there in fact
gains from
trade for the
world as a
whole?
Explain.
A
If we were to
combine the
production
possibility

f
r
o
n
t
i
e
r
s
o
f
t
h
e
t
w
o
c
o
u
n
t
r
i
e
s
t
o
c
r
e
a
t
e
a
s
i
n
g
l
e
w
31

orld
production
possibility
frontier, then
it is true that
any change
in production
points (from
autarky to
specialization
with trade)
would
involve a
tradeoff of
one good for
another from
the world's
perspective.
In other
words, the
new solution
cannot
possibly
involve the
production of
more of both
goods.
However,
since we
know that
each country
is better off at
the new
solution, it
must be true
that the
original
points were
not on the
trade
contract
curve
between the
two
countries,
and it was in
fact possible
to make
some people
better off
without

m
a
k
i
n
g
o
t
h
e
r
s
w
o
r
s
e
o
f
f
,
s
o
t
h
a
t
t
h
e
n
e
w
s
o
l
u
t
i
o
n
d
32

oes indeed
represent a
welfare
improvement
from the
world's
perspective.

t
h
e
n
a

Q
Previous
Edition

c
o
u
n
t
r
y

24)
It is generally
claimed that
a movement
from autarky
to free trade
consistent
with
Ricardian
comparative
advantage
increases the
economic
welfare of
each of the
trade
partners.
However, it
may be
demonstrate
d that under
certain
circumstance
s, not
everyone in
each country
is made
better off.
Illustrate
such a case.
A
(a)
If
intergenerational,
or economic
growth
consideration
s are taken
into account,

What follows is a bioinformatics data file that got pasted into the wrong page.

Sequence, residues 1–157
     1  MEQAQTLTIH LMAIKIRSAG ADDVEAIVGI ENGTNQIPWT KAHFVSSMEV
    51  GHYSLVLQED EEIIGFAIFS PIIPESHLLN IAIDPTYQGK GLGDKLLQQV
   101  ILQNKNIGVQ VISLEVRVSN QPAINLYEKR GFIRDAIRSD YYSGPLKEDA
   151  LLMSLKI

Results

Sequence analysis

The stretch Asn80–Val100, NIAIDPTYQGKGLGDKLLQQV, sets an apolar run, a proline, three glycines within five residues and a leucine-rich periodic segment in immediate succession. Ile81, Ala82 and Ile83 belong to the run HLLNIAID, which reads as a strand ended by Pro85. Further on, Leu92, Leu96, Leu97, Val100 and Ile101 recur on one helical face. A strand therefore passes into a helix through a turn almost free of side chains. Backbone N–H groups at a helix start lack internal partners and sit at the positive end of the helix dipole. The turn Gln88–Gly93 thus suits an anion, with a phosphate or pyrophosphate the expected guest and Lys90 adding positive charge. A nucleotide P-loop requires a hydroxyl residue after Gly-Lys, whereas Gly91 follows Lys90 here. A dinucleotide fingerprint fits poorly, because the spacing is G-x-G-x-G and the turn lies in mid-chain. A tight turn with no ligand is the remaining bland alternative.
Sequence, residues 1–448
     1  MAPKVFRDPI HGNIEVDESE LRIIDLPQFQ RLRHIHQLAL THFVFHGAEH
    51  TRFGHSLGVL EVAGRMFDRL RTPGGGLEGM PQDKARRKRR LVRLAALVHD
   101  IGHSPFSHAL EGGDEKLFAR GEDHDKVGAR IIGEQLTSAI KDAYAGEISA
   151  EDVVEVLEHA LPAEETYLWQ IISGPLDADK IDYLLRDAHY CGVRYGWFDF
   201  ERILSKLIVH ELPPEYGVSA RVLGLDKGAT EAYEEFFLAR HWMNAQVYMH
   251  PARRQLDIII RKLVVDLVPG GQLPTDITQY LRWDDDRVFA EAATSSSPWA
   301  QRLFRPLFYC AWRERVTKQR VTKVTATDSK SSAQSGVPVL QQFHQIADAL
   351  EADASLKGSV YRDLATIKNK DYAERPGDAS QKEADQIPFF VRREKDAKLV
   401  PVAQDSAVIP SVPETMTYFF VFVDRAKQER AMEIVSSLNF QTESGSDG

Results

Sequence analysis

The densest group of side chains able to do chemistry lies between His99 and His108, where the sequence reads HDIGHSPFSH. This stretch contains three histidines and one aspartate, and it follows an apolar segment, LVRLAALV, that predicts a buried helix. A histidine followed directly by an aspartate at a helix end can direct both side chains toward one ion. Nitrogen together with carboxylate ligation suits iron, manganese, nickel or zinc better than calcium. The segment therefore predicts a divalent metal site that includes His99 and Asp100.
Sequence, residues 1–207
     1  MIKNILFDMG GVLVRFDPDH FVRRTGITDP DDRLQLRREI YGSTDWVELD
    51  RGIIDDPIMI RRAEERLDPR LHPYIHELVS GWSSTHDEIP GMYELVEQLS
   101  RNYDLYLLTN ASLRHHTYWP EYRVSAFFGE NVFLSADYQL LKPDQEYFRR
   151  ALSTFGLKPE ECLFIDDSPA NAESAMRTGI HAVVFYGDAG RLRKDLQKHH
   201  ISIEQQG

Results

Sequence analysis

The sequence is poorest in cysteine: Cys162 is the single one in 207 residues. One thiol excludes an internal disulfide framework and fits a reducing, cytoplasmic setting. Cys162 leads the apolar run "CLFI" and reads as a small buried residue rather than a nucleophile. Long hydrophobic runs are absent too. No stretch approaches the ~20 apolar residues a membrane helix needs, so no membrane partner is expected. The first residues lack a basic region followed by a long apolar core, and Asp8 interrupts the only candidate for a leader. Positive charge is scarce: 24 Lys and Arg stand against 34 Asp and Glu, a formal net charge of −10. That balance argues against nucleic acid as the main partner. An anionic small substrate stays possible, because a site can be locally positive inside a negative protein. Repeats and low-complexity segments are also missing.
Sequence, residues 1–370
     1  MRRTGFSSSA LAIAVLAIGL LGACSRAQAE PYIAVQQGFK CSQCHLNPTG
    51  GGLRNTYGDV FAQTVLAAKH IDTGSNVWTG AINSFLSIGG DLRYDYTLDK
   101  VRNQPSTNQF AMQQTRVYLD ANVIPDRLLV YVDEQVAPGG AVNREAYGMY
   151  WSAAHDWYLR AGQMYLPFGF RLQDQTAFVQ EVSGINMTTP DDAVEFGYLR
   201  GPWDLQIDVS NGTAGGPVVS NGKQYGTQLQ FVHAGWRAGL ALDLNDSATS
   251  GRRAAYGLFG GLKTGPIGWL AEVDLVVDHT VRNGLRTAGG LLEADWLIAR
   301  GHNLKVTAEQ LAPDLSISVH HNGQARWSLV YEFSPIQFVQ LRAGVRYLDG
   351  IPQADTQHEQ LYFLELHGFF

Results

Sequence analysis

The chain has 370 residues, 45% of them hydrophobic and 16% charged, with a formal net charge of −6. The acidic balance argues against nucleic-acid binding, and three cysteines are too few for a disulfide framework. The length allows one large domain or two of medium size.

m
a
y
e
n
d
u
p
s
p
e
c
i
a
l
i
z
i
n
g
i
n
a
g
o
o
d
t
h
33

at has no or
few growth
linkages with
the rest of the
economy
(e.g. an
"enclave"
sector).
(b)
If
some of the
residents of a
country have
tastes biased
toward their
exportable,
then they
may suffer
due to the
tradeaffected
increase in
the market
price of the
exportable
good.

c
o
u
n
t
e
r
e
x
a
m
p
l
e
t
o
t
h
i
s
p
r
o
p
o
s
i
t
i
o
n
.

Q
Previous
Edition

25)
It is generally
claimed that
state trading,
or centrally
controlled
trading will
tend to reach
a lower
economic
welfare than
would be
reached by
allowing
market forces
to determine
trade flow
directions
and terms of
trade.
Illustrate a

I
n
g
e
n
e
r
a
l
,
i
34

f we begin
with any
suboptimal
distortion,
the theory of
the second
best tells us
that an
additional
"distortion"
may move a
country in
the correct
direction of a
welfare
improvement
. For
example, If a
country has
an
overvalued
exchange rate
(that is, its
currency is
overpriced in
the foreign
exchange
markets), it is
possible that
it will find
itself in an
autarkic
equilibrium
(that is, it
might
"overprice
itself out of
the
international
market"). In
such a case it
is easy to
demonstrate
that if the
government
exports the
goods in
which the
country
enjoys
comparative

a
d
v
a
n
t
a
g
e
,
a
n
d
i
m
p
o
r
t
s
t
h
e
o
t
h
e
r
(
b
y
p
a
s
s
i
n
g
m
a
r
k
e
t
35

prices and
mechanisms)
, the
country's
economic
welfare will
improve.

b
e
c
a
u
s
e

Q
Previous
Edition

t
h
e
r
e

26)
The
Ricardian
proposition
that
international
trade will
benefit any
country
("gains from
trade") as
long as the
world terms
of trade do
not equal its
autarkic
relative
prices is a
straightforwa
rd and
powerful
concept.
Nevertheless,
it is
impossible to
demonstrate
empirically.
Why?
A
This is
because there
is no way of
knowing
exactly what
are, or would
have been,
the autarky
MRTs or
MRSs. This is

i
s
n
o
s
i
n
g
l
e
e
x
a
m
p
l
e
i
n
t
h
e
w
o
r
l
d
o
f
36

a country
that is totally
unengaged in
international